• DFW Capital Partners acquired Harris CPAs, a provider of accounting and financial services.
• General Atlantic and CEO Adrian Binks agreed to acquire a portion of Hg's stake in Argus Media Group, a London-based energy and commodities data provider.
• Knox Lane acquired a majority stake in Guardian Fire Protection Services, a provider of fire safety systems.
• Martis Capital and Din Ventures invested in Archway Dental, a dental service organization.
• Blackstone acquired a minority stake in Salas O'Brien, an engineering and facilities services firm.
• PointClickCare, backed by Hellman & Friedman and Dragoneer, acquired American HealthTech, a provider of EHR and financial management solutions, from Computer Programs and Systems.
• Chevron (NYSE: CVX) is preparing to sell its natural gas assets in the Duvernay Shale.
• Crédit Agricole acquired a 7 percent stake in Worldline, a European payment and transaction services firm.
• Sandoz agreed to acquire Cimerli, a biosimilar developed by Coherus BioSciences (Nasdaq: CHRS), for $170 million.
• Stellantis has agreed to acquire a 70 percent stake in DPaschoal, a Brazilian auto parts maker.
• Apollo Global is considering a bid for National Amusements.
• Synchrony Financial (NYSE: SYF) has agreed to acquire Ally Financial's point-of-sale financing business.
• BrightSpring Health Services, backed by KKR, is expected to price its IPO this week, seeking to raise up to $1.4 billion in proceeds.
Tech, Vertical SaaS, & Misc. Enterprise
• Valsoft, a Canadian vertical market software investor, raised $170 million in growth funding led by Coatue and Viking Global.
• Oleria, a Seattle-based cybersecurity startup, raised $33.1 million in Series A funding. The round was led by Evolution Equity Partners, with participation from Salesforce Ventures, Tapestry VC, and Zscaler.
• Runnr.ai, a provider of AI-driven messaging software for hotel operations, raised €1 million from Arches Capital.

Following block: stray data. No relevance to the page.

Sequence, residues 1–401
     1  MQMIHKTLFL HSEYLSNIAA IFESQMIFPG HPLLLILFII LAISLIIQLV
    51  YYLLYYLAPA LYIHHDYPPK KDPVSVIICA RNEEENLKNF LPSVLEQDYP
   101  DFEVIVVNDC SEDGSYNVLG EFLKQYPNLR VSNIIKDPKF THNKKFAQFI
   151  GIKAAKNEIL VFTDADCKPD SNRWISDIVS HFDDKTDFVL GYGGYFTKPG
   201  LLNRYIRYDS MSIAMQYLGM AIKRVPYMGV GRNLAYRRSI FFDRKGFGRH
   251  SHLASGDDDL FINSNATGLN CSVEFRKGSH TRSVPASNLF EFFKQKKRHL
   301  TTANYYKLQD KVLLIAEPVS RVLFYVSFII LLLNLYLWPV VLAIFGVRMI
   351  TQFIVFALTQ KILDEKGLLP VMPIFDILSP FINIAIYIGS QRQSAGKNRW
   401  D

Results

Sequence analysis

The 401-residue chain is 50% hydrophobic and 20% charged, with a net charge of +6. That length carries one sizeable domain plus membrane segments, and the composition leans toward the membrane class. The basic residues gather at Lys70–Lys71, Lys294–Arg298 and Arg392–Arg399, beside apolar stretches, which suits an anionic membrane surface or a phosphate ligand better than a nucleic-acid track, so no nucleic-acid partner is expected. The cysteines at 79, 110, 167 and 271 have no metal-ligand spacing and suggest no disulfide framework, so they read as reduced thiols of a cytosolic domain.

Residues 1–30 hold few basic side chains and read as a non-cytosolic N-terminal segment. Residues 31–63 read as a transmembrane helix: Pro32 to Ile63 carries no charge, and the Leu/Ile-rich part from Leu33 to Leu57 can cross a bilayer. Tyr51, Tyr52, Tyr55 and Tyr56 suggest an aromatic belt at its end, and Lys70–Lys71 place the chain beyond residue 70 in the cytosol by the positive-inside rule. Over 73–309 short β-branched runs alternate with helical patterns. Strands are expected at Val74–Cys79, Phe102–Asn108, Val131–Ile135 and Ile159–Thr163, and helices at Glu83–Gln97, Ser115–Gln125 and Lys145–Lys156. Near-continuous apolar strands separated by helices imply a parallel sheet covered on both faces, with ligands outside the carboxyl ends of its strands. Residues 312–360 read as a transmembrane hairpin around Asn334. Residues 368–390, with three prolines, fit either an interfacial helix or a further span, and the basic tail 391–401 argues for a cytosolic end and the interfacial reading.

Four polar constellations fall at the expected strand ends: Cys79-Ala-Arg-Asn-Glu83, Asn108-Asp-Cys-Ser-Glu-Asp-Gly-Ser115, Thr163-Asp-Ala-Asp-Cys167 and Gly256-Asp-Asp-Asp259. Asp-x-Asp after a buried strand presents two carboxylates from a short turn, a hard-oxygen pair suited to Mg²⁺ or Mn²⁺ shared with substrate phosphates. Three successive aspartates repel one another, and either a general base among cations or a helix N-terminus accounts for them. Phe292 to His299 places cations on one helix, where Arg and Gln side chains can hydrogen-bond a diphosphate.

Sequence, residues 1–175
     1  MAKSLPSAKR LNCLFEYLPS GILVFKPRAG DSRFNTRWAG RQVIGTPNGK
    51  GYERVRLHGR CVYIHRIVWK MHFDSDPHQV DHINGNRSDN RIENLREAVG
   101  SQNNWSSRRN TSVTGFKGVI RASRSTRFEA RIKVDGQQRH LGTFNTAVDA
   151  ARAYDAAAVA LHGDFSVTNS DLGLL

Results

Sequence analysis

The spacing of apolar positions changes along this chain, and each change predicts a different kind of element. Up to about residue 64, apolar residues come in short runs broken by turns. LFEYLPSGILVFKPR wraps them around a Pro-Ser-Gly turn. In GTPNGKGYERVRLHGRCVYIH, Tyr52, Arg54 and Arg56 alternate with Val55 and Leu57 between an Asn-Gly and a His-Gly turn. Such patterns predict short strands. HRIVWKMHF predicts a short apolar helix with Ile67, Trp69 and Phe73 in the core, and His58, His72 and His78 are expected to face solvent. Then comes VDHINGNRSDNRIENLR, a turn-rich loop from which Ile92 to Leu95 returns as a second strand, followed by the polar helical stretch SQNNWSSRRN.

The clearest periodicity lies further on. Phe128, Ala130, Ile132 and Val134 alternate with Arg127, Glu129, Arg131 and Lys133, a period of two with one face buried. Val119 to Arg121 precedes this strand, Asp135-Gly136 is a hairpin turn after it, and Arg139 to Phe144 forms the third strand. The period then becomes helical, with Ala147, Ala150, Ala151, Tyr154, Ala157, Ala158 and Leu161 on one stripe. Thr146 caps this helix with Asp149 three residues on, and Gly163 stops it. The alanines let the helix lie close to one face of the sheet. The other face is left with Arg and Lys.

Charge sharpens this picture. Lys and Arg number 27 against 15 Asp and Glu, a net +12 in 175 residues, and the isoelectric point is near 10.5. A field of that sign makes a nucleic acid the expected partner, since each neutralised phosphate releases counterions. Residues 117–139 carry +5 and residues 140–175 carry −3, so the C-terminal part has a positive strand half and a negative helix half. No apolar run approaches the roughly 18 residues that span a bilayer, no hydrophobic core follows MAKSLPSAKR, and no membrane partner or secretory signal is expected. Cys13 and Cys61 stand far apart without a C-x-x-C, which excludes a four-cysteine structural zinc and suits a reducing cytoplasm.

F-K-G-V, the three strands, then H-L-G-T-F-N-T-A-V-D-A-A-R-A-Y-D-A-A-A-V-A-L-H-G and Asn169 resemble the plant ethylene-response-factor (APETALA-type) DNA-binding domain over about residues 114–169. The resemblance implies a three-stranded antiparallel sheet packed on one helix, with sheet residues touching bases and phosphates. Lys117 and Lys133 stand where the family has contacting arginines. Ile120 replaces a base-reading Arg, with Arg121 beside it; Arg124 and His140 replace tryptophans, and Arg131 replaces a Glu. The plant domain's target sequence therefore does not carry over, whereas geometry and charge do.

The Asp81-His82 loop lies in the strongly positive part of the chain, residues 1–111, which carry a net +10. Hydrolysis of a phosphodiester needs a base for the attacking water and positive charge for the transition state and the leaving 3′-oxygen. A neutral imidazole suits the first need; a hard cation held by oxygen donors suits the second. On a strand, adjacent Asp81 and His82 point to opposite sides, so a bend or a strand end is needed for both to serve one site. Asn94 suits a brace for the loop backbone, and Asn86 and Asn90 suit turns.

• DailyPay, a provider of an on-demand pay platform, raised $75 million in new equity funding led by Carrick Capital Partners and $100 million of debt funding from Citi.
Consumer & Media
• ElevenLabs, an AI speech generation software, raised $80 million in Series B funding. Andreessen Horowitz, Nat Friedman, and Daniel Gross co-led, with participation from Sequoia Capital, SV Angel, Smash Capital, BroadLight Capital, and Credo Ventures.
Healthcare & Life Sciences
• Tr1X, a San Diego-based biotech developing regulatory T-cell therapies, raised $75 million. The Column Group, NEVA SGR, and Alexandria Ventures co-led.
• Sano Genetics, developing a platform for precision medicine clinical trials, raised $11.4 million in new funding led by MMC Ventures, with participation from Episode 1 and Seedcamp.
Industrials, Greentech, & Other
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• AquaExchange, an aquaculture technology startup, raised $6 million in funding led by Ocean 14 Capital, with participation from Endiya Partners.
• Shamba Pride, a Kenyan agtech, raised $1.7 million in new equity funding. Seedstars Africa Ventures led, with participation from Gray Matters Capital.
• Macquarie raised €8 billion for an EU-focused infrastructure fund.
• Wynnchurch Capital raised $3.5 billion for its sixth middle market fund.
• J.P. Morgan is planning to raise up to $3 billion in new private credit commitments.
• ArcTern Ventures raised $335 million for its latest climate-focused fund.
• Bain Capital raised $1 billion for a new middle market private credit fund.
1. China considers stock market rescue package.
• Premier Li Qiang calls for “forceful” steps to shore up domestic market. — China Weighs Stock Market Rescue Package Backed by $278 Billion